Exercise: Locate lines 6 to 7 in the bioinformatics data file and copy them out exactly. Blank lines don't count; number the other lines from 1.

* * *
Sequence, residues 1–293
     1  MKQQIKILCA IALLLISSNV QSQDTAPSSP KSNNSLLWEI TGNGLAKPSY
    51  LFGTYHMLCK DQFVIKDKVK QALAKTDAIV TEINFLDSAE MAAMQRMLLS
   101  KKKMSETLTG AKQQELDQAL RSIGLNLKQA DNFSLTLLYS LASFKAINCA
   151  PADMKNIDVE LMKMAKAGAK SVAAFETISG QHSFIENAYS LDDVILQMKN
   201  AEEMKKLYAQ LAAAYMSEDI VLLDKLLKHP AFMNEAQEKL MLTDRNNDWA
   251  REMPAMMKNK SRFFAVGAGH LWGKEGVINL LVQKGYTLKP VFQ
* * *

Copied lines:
   201  AEEMKKLYAQ LAAAYMSEDI VLLDKLLKHP AFMNEAQEKL MLTDRNNDWA
   251  REMPAMMKNK SRFFAVGAGH LWGKEGVINL LVQKGYTLKP VFQ